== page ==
But Mr Tarbuck expects to see class action lawsuits post demutualisation and warns that the mutual’s values might be lost due to the decision to demutualise.

“There have been many challenges made to the validity of the demutualisation, which is why it has taken so long, and there are likely to be class action lawsuits post demutualisation,” he added. “There is no business reason to demutualise, as was the case with the majority of the demutualisations in the 1990s, it was then and is now driven by greed of the few.

“As with most demutualisations, the company may well be acquired within a year or two by a larger stock company and the history of The Economical and the communities it used to serve will be lost or members will probably move to another mutual or co-operative insurer.” 

As to the future, Mr Tarbuck believes that new mutuals will emerge in the years to come.

“Given the mis-selling of so many mutuals in the 1990s, there is now a significant challenge by the regulators, media and customers should any mutual propose to demutualise nowadays, for example LV= in the UK.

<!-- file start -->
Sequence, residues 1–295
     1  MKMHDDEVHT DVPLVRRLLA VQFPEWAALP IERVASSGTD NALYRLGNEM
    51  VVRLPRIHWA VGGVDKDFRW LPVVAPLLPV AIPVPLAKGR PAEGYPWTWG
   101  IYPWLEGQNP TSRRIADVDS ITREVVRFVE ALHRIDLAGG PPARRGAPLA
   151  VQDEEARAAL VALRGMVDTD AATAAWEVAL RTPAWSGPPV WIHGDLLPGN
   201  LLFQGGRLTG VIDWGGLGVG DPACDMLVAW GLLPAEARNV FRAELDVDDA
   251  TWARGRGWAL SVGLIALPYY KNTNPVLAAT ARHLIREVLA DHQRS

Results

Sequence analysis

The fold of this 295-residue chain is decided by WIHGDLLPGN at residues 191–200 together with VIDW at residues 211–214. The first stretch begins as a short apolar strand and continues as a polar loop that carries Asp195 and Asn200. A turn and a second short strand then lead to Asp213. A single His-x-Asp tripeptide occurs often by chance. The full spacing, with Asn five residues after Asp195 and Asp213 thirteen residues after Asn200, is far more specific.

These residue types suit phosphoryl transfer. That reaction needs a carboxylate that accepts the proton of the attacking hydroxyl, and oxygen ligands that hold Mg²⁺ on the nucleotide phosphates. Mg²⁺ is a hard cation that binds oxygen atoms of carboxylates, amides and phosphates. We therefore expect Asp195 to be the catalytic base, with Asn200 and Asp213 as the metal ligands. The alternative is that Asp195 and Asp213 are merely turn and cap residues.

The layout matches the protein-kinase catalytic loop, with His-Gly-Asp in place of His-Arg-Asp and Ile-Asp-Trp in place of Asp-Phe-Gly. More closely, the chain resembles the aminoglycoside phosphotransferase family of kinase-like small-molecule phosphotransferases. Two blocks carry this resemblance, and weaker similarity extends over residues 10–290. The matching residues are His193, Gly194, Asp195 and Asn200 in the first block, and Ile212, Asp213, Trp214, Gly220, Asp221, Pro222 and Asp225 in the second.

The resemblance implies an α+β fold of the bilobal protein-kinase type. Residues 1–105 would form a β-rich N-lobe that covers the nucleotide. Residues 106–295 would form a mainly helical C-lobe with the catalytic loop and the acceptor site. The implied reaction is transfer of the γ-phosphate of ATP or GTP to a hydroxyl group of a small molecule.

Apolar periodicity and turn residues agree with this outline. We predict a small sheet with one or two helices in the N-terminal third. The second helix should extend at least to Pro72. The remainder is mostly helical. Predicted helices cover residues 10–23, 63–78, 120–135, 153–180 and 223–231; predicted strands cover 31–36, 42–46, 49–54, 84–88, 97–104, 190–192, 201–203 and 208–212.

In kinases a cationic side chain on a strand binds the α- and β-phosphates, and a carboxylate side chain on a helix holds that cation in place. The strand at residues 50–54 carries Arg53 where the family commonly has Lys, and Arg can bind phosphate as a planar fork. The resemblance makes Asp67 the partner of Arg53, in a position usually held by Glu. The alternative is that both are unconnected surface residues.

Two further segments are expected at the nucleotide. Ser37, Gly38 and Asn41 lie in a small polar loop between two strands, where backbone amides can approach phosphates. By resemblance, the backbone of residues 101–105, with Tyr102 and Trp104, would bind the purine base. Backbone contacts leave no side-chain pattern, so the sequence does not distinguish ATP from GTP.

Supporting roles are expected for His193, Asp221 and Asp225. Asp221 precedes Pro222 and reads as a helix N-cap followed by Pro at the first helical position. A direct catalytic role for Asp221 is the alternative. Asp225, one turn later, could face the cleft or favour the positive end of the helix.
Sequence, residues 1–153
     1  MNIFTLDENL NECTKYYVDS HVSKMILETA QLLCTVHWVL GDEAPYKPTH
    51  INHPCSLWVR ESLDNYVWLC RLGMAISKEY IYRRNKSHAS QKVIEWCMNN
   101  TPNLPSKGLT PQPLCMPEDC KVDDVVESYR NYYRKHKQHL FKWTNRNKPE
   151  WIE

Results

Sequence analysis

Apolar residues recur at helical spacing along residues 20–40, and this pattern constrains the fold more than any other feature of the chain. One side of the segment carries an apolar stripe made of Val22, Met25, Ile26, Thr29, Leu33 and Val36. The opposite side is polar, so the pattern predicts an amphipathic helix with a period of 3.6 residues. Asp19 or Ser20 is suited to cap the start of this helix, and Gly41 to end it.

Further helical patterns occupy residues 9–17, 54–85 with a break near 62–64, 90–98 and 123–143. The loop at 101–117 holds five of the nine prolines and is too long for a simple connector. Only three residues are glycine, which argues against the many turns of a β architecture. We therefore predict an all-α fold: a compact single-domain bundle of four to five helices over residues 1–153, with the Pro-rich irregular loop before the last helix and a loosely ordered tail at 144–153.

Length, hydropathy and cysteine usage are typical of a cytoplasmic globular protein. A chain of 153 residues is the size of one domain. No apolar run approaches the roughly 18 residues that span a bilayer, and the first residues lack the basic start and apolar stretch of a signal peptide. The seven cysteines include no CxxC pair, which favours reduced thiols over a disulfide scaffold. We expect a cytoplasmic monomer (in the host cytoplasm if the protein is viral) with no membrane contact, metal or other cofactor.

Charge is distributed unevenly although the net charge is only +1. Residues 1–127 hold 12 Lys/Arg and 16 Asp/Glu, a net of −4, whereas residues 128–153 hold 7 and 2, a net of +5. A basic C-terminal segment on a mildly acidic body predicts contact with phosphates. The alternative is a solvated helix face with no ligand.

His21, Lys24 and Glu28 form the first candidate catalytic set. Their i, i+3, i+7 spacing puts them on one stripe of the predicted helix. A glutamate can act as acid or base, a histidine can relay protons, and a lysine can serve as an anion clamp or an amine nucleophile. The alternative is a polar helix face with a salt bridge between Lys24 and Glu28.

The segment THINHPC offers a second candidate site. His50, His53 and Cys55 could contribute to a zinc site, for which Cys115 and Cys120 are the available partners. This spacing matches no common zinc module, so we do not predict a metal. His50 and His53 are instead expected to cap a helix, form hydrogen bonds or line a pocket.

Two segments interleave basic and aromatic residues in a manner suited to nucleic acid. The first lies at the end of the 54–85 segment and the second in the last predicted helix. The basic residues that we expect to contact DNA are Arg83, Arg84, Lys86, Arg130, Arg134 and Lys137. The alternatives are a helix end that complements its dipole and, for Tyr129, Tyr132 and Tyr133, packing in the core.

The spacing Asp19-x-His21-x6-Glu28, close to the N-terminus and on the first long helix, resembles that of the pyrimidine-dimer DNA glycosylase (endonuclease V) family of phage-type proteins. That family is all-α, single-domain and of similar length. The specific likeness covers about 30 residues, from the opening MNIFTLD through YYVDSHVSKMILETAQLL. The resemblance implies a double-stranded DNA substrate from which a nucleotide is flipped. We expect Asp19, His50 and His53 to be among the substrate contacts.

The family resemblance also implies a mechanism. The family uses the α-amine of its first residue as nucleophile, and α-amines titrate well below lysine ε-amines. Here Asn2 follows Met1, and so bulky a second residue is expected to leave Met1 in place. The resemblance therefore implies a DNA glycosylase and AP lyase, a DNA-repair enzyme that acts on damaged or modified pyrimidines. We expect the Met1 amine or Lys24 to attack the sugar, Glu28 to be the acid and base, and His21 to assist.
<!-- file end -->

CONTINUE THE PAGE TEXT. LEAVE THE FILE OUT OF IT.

“Thankfully, we are now seeing a trend for the creation of new mutuals with several being started in the last few years and also the re-mutualisation of stock company insurers as we have seen in Scandinavia recently.  

“Demutualisation was a trend in the 1990s which was proven to be driven by greed. However, many more businesses these days are trying to be fairer, more socially aware and looking to be values-led organisations with a social purpose, The Economical demutualisation is a real outlier.”

Despite the recent demutualisations of MEC and the Economical Mutual Insurance, the co-operative sector remains strong in Canada, says CMC. Co-ops represent 3.4% of the country’s gross domestic product (GDP) and provide almost 200,000 jobs.